This got me curious enough to ask, so I sent an email to AAMA and got this response:

AAMA 2400-10 is simply a recommended standard practice for products exposed to low wind/water exposures. FMA/AAMA 100 is a standard practice specifically designed for installations subject to extreme wind/water climate exposure, particularly in the coastal southeast United States, and addresses buildings that will be at high risk for water intrusion. Thus, preventative measures are called for that are above normal installation practices. Within FMA/AAMA 100 it calls for a more defined sill pan flashing design as well as providing voids in the sill sealant for possible drainage.

Obviously, if a window “system” incorporates a dedicated sill pan underneath to
catch water from poorly sealed corner joinery, then there would have to be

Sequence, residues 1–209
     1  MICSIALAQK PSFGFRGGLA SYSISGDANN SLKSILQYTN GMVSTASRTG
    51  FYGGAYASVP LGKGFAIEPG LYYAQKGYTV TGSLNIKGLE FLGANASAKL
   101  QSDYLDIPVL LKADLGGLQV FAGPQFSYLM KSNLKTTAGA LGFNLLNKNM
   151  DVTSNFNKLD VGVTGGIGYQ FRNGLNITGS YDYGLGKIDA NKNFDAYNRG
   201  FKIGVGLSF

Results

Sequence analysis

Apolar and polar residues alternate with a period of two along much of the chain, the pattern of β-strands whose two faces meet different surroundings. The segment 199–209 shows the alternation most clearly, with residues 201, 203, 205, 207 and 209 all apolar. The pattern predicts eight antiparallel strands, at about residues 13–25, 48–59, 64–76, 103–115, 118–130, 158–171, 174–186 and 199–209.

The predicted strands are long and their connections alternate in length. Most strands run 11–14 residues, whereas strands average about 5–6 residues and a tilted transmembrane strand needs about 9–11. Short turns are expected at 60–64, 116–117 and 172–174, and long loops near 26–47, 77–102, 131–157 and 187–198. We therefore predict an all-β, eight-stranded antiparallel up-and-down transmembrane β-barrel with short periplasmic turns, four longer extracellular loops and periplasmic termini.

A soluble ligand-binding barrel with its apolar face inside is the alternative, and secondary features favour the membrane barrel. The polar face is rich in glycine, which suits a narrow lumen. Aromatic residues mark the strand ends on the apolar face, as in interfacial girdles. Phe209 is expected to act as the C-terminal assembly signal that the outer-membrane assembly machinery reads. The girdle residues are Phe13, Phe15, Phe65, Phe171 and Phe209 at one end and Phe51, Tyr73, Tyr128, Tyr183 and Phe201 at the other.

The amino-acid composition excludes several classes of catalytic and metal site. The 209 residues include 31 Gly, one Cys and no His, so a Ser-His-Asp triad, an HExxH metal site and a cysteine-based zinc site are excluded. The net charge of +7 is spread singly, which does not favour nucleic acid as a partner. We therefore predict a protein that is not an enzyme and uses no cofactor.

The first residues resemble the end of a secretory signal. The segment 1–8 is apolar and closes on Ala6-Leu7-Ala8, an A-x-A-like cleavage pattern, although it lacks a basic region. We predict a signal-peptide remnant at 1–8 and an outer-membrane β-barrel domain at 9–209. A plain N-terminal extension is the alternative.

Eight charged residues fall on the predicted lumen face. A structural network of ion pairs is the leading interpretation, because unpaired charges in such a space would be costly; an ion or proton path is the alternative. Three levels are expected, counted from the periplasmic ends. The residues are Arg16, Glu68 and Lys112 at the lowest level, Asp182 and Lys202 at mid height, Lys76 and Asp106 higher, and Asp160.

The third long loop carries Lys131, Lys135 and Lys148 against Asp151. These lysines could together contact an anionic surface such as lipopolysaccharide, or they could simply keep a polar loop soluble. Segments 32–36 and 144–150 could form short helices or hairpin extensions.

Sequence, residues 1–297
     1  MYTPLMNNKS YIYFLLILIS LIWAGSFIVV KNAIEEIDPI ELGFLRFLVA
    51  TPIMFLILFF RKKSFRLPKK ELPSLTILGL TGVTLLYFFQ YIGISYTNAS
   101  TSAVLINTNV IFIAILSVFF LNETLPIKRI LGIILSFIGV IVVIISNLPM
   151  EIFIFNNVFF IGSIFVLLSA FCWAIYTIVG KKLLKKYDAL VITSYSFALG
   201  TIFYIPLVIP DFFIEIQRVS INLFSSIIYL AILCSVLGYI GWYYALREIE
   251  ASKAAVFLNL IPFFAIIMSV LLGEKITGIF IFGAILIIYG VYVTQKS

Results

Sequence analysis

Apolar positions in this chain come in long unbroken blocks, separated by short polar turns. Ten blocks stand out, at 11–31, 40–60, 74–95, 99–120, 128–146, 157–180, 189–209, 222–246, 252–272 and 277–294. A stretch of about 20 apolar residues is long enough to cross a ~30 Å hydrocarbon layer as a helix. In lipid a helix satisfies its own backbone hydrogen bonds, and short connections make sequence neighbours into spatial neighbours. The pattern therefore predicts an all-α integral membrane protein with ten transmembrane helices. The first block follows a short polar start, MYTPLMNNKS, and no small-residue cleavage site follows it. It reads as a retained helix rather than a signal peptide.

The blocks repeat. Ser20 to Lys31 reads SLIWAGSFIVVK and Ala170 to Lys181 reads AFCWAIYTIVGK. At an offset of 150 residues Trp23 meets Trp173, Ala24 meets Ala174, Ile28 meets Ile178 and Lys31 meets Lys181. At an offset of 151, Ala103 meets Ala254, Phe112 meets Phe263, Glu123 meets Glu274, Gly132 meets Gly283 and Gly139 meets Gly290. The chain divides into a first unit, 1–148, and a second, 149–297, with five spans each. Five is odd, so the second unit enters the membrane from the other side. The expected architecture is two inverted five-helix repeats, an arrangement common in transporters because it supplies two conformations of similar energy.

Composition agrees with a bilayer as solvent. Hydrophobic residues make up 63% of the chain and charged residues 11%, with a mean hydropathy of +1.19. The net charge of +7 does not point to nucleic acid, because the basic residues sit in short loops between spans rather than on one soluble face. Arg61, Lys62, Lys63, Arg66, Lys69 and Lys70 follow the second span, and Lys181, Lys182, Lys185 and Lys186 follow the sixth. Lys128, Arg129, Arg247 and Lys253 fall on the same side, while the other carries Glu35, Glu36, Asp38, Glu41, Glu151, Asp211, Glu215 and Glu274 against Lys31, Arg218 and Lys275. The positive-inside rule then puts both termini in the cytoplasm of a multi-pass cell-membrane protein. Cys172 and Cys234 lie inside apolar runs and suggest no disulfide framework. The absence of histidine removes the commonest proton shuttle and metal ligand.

provisions made to evacuate this water leakage while preventing a pressure drop (air
leakage) created by the weep system.

However, in accordance with the language contained within the International Building
Code, the default answer in all cases is that windows shall be flashed and installed
in accordance with the manufacturer’s written installation instructions.

I looked briefly, but did not find a copy of FMA/AAMA 100 that I could download, so I don't know the particulars, but it would seem like good reading for anyone concerned that they might have more than low wind/water exposure on their installation. There does appear to be a demo video of the standard on the FMA site.

Answered by davidmeiland
Posted Jul 12, 2012 11:21 AM ET
Edited Jul 12, 2012 11:23 AM ET.


Thanks David, very interesting.

So Milgard says that it's instructions are AAMA 2400-10, see this page:

They don't make any provision for exposure type or location in the country, just refer one to AAMA 2400-0. No other instructions came with the windows. Which means that in some situations, at least, the "manufacturers instructions" directly contradict the opinion of the people who wrote the instructions :) I'd hate to get into a warranty discussion with Milgard on this topic (it excludes any liability from "improper installation").

Thanks again for the additional info. Seems like a warranty catch-22 to me.

Answered by James Howison
Posted Jul 12, 2012 11:41 AM ET